That's all for now. Hope to see you in DC at our reception. If possible, I would appreciate hearing from you so please send me an e-mail at email@example.com .
Robert C. Marshall,
Professor and Head
P.S. If you would like to make a financial contribution to the Department the directions are below. If the money is to be earmarked for a specific fund please note this in the memo section of the check.
Payee : PSU Department of Economics
Address : Liberal Arts Development Office, 13 Sparks Building, Penn State University, University Park, PA 16802
Possible Designations (in memo section) :
· "Blank" - unrestricted gift.
· Anna M. McMullin Fund in Economics .
· Philip A. Klein Fund in Economics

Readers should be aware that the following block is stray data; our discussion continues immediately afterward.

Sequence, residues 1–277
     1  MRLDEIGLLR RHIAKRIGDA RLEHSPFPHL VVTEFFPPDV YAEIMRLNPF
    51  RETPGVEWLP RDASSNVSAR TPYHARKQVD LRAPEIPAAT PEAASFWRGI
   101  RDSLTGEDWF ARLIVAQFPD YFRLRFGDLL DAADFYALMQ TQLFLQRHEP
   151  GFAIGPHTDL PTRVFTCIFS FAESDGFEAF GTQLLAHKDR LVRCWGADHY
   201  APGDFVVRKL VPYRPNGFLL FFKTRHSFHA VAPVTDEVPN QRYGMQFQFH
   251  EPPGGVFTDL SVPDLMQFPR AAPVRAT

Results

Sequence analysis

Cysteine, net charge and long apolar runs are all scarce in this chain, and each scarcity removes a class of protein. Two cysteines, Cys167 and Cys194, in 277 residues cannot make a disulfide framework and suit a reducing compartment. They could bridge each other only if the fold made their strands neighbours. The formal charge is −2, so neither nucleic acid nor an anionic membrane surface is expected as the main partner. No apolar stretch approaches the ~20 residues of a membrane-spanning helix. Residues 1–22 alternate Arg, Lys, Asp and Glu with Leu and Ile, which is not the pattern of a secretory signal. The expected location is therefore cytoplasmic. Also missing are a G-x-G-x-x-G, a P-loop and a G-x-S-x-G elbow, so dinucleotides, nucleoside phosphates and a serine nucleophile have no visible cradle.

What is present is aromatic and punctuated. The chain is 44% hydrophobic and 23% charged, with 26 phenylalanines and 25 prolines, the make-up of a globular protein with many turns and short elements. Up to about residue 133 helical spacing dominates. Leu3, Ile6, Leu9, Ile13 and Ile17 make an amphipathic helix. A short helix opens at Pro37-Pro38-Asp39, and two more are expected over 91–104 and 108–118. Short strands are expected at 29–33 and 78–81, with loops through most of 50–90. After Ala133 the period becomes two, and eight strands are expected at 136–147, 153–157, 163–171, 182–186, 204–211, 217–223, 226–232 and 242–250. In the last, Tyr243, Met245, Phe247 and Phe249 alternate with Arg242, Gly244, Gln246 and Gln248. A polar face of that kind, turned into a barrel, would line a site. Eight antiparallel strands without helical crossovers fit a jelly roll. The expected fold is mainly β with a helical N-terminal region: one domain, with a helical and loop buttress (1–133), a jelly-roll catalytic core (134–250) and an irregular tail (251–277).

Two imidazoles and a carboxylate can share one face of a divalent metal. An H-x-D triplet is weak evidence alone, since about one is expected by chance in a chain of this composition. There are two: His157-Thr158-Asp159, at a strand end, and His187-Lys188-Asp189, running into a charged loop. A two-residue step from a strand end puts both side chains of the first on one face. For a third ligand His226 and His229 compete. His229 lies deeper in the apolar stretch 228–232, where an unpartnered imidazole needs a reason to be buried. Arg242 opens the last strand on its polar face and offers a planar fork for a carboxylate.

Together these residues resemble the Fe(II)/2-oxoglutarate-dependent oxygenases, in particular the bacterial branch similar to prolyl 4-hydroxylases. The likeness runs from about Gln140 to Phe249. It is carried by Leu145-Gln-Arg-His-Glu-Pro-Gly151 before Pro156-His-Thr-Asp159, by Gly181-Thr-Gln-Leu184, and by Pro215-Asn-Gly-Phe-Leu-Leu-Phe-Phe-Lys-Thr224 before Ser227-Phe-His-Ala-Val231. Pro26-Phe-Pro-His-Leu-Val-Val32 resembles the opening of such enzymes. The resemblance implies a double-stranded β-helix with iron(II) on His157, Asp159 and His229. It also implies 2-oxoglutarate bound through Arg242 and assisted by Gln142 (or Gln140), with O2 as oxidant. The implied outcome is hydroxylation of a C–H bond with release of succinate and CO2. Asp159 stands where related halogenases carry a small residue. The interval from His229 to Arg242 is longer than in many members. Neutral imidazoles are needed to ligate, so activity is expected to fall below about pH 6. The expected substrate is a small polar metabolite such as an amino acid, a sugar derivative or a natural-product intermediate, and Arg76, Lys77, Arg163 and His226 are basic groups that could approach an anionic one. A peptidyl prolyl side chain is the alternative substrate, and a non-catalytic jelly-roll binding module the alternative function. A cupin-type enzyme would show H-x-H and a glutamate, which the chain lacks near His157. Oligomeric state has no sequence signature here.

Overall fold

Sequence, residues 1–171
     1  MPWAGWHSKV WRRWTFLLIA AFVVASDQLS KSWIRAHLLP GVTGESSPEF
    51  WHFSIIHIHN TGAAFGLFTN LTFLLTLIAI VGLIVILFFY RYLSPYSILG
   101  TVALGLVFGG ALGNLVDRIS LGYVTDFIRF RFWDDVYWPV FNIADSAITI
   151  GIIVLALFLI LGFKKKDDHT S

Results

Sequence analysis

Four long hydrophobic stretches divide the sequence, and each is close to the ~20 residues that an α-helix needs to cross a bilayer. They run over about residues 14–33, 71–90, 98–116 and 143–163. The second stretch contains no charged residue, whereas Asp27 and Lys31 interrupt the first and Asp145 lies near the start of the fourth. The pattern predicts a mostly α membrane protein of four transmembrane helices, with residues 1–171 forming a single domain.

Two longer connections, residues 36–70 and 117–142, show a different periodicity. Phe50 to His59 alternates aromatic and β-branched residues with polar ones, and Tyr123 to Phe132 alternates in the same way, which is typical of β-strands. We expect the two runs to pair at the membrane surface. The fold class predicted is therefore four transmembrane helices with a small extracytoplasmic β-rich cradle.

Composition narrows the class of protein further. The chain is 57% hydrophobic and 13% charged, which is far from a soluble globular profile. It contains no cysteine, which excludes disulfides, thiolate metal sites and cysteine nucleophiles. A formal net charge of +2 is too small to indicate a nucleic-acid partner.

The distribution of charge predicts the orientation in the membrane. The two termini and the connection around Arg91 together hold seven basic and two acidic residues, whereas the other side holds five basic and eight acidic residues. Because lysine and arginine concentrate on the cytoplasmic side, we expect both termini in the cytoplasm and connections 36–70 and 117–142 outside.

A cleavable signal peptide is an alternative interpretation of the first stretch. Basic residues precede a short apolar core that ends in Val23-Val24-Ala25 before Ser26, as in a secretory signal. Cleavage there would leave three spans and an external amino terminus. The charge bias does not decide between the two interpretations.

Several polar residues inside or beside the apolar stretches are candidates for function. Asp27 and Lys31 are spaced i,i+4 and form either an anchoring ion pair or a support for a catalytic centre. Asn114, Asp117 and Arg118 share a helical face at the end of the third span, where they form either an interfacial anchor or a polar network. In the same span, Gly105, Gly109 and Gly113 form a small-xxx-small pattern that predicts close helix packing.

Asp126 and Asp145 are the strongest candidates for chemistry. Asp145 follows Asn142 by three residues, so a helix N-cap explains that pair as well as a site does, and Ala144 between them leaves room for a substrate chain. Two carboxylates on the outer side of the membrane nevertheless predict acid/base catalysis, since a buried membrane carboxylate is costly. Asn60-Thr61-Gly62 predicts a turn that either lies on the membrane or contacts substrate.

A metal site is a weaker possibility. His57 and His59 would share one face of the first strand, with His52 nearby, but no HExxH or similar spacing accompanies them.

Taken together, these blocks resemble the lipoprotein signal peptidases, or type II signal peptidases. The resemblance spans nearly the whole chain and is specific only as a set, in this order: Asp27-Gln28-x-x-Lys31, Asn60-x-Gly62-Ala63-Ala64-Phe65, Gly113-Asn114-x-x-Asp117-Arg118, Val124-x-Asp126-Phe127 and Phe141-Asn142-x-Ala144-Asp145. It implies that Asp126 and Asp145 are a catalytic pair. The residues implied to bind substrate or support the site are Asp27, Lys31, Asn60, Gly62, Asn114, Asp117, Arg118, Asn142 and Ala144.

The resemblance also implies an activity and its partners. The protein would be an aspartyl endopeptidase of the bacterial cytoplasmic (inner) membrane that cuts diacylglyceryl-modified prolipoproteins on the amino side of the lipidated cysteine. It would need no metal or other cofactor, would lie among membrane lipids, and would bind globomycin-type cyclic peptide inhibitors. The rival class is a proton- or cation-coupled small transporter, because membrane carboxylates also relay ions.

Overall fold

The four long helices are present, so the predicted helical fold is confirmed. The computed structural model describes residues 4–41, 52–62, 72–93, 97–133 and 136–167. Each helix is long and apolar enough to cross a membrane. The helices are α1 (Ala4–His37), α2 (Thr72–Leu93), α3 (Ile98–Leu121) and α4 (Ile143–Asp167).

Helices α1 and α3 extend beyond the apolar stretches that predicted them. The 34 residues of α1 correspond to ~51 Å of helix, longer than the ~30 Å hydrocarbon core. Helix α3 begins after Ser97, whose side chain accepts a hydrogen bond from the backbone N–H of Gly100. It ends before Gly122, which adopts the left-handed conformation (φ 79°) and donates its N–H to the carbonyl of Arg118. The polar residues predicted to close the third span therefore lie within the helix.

· Thomas G. Fox Fund in Economics
· Prybyla/Riew Lectureship in Economics .
Research of Sergie Izmalkov,
Auctions have been used since antiquity to sell a variety of objects -- ranging from fish and fresh flowers to bonds and gold bullion. In recent years, Internet auction websites like E-Bay have also become increasingly popular and economically important. In his dissertation, Sergei Izmalkov (Ph. D. Economics, 2002), used tools from game theory to study optimal bidding strategies in auctions, specifically in the so-called English auction -- in which an auctioneer calls out prices and bidders indicate whether or not they are interested in purchasing the item at that price. Bidding strategies in such an auction are quite complicated since a bidder can learn valuable information regarding the value of the object from observing the behavior of other bidders. What is the optimal way in which bidders should incorporate this information? How should they act on it? When should they drop out? When should they reenter the auction, if at all? Should they wait until the last minute to bid? The answers to these and related questions form the core of Izmalkov's dissertation.